Borderlines may be inclined to flood themselves with therapeutic help, by simultaneously engaging MORE than one source for it. I think their underlying belief is, the more the merrier~ or, if I can just oversaturate myself with support from several sources, I may more quickly end my pain and at long-last, reach happiness.

Sadly, this is never accurate. It's NOT an effective strategy, it does not serve them, and while they can stay nice and "busy" in their heads trying to integrate information and insight from numerous "helping" sources, they are literally harmed by this practice.

Let me explain: Let's say each of your feet is standing on the back of two horses, and as they're galloping along in the same direction, you feel a sense of congruency and glee. But when one of those horses begins to veer in a different direction, what happens to YOU in the middle??

Using more than one therapeutic source at a time leads to inner confusion and chaos. Exactly whom can you learn to TRUST, when you're hearing conflicting ideas and experiencing different interventions that seem like they're contradicting each other??

In my BPD Male article, I speak directly to this issue, calling it "The Buckshot Method." While I can understand someone's fierce desire to get over their pain as rapidly as possible~ and they think that engaging as many self-help books, Ted talks, therapists or coaches or coaching programs as possible might SEEM like a shortcut to accomplishing their aim, it is sadly, not.

The central core of this 'Buckshot Method' issue, is the BPD client is terrified of attaching. They don't wanna NEED you, because if they they allow themselves to be wholly reliant on you and (God forbid) you die or abandon them, where does that leave 'em? How will they SURVIVE without you?!

This is key to why Borderlines play distancing games with their therapists~ and with YOU. They diffuse their bond with you by flirting with others, having sexual and/or emotional affairs, and generally keeping you at arms length when they begin to feel real closeness. They do very similar things to avoid feeling dependent on their therapeutic relationship~ particularly, when they've started to make great strides, and heal.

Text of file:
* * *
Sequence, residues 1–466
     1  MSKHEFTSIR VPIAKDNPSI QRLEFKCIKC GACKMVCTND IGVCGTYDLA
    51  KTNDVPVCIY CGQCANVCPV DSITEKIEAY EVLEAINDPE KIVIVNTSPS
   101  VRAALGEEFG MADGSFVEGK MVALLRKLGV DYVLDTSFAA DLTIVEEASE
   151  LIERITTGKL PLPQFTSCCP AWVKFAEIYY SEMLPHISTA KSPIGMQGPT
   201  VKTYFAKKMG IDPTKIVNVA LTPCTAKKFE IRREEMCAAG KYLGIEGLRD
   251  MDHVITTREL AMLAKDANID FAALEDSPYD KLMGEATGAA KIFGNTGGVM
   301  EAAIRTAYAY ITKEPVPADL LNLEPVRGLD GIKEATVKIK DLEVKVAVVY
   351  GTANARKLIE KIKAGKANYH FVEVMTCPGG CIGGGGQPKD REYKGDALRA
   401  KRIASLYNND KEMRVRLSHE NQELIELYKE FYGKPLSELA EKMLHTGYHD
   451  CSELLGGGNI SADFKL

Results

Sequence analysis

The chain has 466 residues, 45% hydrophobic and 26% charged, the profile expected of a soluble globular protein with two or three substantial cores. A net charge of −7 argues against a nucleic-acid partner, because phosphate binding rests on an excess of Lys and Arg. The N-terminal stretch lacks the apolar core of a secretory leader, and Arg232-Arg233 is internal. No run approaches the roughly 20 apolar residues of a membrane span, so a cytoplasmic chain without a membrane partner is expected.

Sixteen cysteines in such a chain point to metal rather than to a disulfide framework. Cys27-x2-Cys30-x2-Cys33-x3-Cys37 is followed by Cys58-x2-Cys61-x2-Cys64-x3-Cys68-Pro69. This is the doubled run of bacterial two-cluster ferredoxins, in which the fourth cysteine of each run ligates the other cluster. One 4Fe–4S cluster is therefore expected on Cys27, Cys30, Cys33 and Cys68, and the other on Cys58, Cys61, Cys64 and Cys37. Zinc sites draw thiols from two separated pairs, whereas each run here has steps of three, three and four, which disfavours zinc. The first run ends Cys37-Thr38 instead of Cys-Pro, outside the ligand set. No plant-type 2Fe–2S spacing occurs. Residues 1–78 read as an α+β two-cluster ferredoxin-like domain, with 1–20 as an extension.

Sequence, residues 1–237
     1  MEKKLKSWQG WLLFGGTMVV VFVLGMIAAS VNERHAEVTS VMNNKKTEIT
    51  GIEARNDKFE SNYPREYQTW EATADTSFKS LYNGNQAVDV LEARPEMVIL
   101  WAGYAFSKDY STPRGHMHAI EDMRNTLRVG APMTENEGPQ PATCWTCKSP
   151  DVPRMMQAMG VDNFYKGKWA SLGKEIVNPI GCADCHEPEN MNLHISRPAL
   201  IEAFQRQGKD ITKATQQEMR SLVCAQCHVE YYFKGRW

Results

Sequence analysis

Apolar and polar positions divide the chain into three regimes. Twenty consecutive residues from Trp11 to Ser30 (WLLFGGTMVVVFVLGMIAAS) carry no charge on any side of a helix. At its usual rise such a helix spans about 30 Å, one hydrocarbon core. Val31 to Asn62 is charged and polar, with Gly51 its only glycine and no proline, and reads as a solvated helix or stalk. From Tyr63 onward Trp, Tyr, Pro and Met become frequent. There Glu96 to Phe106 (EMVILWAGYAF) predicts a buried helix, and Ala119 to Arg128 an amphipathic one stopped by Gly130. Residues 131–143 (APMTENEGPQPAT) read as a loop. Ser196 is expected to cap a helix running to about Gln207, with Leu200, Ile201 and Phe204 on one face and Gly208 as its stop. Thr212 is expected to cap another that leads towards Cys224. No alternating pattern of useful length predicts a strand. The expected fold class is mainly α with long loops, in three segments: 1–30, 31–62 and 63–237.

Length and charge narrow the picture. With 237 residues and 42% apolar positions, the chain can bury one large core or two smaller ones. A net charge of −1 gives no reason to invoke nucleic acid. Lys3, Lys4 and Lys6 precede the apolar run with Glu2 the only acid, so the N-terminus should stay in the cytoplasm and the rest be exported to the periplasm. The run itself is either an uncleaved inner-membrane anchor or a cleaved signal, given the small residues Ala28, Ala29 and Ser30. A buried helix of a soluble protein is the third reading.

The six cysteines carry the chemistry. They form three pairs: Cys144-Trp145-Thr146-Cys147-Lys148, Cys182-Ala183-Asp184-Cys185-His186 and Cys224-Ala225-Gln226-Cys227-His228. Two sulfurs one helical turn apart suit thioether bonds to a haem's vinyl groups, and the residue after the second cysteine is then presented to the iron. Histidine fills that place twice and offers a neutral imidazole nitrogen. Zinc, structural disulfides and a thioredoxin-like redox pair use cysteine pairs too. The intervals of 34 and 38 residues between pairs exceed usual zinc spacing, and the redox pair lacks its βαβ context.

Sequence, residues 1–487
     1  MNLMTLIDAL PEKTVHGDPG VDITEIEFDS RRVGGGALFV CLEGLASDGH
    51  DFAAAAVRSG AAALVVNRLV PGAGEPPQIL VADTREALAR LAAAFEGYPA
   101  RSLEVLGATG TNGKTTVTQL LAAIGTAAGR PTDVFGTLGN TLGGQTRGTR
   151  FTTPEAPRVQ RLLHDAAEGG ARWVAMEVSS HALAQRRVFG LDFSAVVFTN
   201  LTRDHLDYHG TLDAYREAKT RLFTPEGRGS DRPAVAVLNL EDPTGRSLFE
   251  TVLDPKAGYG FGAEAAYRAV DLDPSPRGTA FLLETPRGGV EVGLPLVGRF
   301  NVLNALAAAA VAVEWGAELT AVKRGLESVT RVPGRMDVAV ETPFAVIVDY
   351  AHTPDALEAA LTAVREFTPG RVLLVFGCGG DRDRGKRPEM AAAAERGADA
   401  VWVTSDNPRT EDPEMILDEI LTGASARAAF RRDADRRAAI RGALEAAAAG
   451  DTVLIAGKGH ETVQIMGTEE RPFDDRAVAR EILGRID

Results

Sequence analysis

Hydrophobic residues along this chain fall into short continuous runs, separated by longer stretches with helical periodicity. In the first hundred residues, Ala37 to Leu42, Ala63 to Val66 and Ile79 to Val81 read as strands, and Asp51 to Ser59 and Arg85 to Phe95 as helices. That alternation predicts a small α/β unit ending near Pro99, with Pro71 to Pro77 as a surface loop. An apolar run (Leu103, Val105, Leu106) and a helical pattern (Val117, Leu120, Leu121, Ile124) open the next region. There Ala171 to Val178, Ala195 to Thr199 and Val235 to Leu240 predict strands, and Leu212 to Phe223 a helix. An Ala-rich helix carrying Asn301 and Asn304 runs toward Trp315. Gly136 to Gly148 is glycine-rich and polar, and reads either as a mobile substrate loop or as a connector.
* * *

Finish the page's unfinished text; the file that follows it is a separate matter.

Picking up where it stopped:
Remember~ the more you matter to them, the closer they feel to you, the quicker they feel a need to distance. It's actually a self-preservation technique they learned as infants, to shield themselves from further pain.

Borderlines learned from the first hours of life outside their mother's womb, they could not depend on their love-bond with Mother being reciprocated. They not only experienced shame in reference to NOT getting their adoration returned, they were never able to build a sense of safety and trust within that attachment.

Segue to later in life, when their subliminal understanding of their infancy experiences underscores every single instance of feeling really close to you! They are instantly alerted (on a sensory level in their body), it's JUST NOT SAFE. (Poor babies.)

This is the Borderline's crucible. They feel a deep, painful yearning to be bonded or welded to you, but the fear of needing you and being rejected makes attachment feel like a very threatening and unsafe endeavor. It literally brings up anxiety in them, to where they MUST push away, in order to experience any sense of inner balance . . .

and no matter HOW much you assure them that your devotion and love for them is solid and enduring, they can't trust it, because it's never been part of their bonding experience! It takes a very unique, highly specialized kind of intervention to begin breaking down the defenses a Borderline has constructed since his or her first weeks of life outside their mother's womb.

Psychotherapy is not equipped to heal this trauma, and yet people search endlessly it seems, to find someone/anyone who can help them resolve their pattern of attracting painful, unrewarding relationship experiences~ when in fact, it is THEY who are incapable of bonding~ regardless of how wholesome and healthy a romantic partner they select.  Imagine that.
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